Travel tips

I am not really a seasoned traveler.  But I have picked up some things.  First, don’t worry if your bags are a little over the weight limit.  Most airlines won’t charge you for a pound or two.  And whatever you can’t fit in your checked luggage try to throw it into your carry-on.  I think typical allowance is up to 45lbs!  Sure, you’ll end up carrying it around, but you won’t have to pay extra.  I’ve even seen people carry more than two bags onto the plane, without any penalty.  They might just ask you to put one in plane-side check-in, but I don’t think you’ll have to pay.  Another thing not to worry about is those small connector planes.  You know, where the overhead luggage is too small to fit anything in?  They’ll just check it for you, and hand it back to you when you exit the plane. 

Use the bathroom in the beginning of the flight.  Especially for long international flights.  It starts looking like a pig sty after a while. 

Try and learn the terminology on your ticket.  It’ll let you know whether or not you get extra screening before you actually get in line. 

If you are traveling from Egypt, try and get a multiple reentry visa.  That’ll let you get back into Egypt without buying a temporary visa at the airport, and your current visa will be good till it expires.  It costs 61LE and you can get it in about 3hrs from Mugamma.

Once you get back in Egypt, there are travel companies offering rides from the airport, but they are extremely expensive.  I was told 57LE for about a 15min trip.  If you don’t mind walking out a bit you can find a black and white taxi (they are forbidden from waiting directly outside of the terminal).  You might want to negotiate terms first.  Even if it’s a short trip, drivers expect more if you are coming from the airport.

My last trip, a driver ran up to me, offering a ride.  I was leery at first, cause I didn’t see his taxi right away.  The last thing you should do, especially as a woman alone, is get in an unmarked car with some guy offering a ride.  Anyway, I asked him how much he wanted, and he waved the question off.  My mistake.  On the way out of the airport ( and Cairo airport is a city itself), he picked up an elderly couple.  They negotiated a rate of 20LE to Misr Jedida (Heliopolis).  I took note of this and when I got out, I handed the driver 20LE.  Misr Jedida is farther, no way was I gonna pay more for  a shorter ride.  He jumps out of the car, of course he wanted more, 40LE to be exact.  I said, NO WAY.  A crowd is forming now.  That’s what happens in any dispute here.  A bunch of people crowd around to mediate, or just to watch.  I complain that I never agreed to 40LE, and ask why are the Egyptians paying 20LE, he says ‘malish dawa’ (sp?), or none of your business, lol.  We finally agree on 30LE, which is not bad, considering with the travel companies you pay around 60LE.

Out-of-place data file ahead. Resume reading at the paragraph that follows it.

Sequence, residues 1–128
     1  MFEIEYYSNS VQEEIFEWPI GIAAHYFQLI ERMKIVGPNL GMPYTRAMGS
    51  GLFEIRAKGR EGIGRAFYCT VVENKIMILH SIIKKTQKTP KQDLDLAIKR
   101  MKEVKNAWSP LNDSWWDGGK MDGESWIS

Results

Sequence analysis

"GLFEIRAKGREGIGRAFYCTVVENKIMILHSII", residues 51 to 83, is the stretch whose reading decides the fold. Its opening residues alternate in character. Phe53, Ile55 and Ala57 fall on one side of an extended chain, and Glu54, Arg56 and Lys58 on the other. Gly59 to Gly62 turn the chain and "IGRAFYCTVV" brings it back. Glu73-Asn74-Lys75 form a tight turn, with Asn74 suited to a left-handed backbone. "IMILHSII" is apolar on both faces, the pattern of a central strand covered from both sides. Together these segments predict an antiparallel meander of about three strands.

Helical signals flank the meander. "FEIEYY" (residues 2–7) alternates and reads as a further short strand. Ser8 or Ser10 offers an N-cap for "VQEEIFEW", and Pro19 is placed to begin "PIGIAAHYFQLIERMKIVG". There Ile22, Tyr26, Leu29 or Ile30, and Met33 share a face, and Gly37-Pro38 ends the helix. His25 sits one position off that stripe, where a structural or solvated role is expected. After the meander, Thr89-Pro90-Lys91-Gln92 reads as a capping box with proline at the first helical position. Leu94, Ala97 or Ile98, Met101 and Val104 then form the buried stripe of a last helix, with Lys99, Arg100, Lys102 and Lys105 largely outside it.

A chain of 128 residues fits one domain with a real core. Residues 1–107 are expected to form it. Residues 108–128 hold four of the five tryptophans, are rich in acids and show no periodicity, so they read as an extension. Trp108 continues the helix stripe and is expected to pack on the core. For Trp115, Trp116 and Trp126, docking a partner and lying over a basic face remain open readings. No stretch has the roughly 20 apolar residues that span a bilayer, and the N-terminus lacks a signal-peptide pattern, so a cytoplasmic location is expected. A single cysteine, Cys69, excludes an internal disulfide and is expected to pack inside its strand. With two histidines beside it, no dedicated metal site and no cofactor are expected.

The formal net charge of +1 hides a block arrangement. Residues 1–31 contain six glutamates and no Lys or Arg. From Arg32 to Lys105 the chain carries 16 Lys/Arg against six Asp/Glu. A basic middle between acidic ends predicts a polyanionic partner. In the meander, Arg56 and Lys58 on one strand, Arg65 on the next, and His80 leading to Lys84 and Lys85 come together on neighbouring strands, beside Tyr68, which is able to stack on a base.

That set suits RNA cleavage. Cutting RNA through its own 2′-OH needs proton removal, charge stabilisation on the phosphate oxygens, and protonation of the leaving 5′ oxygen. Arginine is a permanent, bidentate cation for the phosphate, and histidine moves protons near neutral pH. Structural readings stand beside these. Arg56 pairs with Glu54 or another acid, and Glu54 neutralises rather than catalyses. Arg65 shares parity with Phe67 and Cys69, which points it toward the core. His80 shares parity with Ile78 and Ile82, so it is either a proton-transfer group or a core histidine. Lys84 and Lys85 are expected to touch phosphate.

I’ll add more stuff as I think of it, inshallah.

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Third Culture Kids

I got that term from an expat homeschool group I belong to.  It refers to kids who’ve traveled/lived overseas most of their lives.  I wonder if my kids will end up like this.  Global citizens with no ‘home’ culture.  They are biracial Americans, living in Egypt.  They are familiar with three languages and somewhat fluent in two of them.  Dd loves America.  Our last day there, she was singing ‘good-bye America’, ‘good-bye clean streets’.  My son refers to America as a ‘kafir’ country, but he doesn’t necessarily favor Egypt.  My youngest hasn’t really expressed a preference as far as I can see.  But our experiences have certainly changed them.  They never saw poor people in America.  I mean REALLY poor, dirty clothes, homeless, type poor.  Here it’s in your face.  They are unfamiliar with typical American names.  My dd pronounces Barbara=Ba-bear-ra.  Once my youngest was reading a book, and she kept referring to a character as Tris.  I told her to let me see it.  It was Chris.  I corrected her, but she insisted on saying Tris, cause ‘Chris doesn’t sound nice.’  They don’t understand American slang (no big lost there), and sometimes copy the British venacular (thanks to being friends with a British family). 

A former friend of my husband’s claimed that they will grow up as outcasts.  Both for being raised outside of America and outside of public schools.  They won’t know how to deal with race.  I certainly don’t want them to be outcasts, but not sure what it means to ‘fit in’ to American society.  Could be a good or bad thing, depending on how you are defining it.  I don’t want them fitting in with a lot of what I’ve seen in the blogging community, both from muslims and non.